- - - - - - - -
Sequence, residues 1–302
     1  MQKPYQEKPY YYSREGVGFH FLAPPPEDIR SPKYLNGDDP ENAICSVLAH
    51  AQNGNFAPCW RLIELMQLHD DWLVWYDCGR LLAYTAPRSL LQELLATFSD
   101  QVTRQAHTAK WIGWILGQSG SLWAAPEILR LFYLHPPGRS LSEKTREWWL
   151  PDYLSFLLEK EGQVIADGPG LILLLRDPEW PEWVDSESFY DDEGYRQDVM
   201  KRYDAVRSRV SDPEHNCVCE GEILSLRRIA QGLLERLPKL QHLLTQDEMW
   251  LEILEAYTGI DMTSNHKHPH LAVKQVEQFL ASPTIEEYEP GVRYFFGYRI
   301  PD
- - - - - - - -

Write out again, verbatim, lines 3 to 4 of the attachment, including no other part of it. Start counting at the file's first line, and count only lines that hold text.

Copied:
    51  AQNGNFAPCW RLIELMQLHD DWLVWYDCGR LLAYTAPRSL LQELLATFSD
   101  QVTRQAHTAK WIGWILGQSG SLWAAPEILR LFYLHPPGRS LSEKTREWWL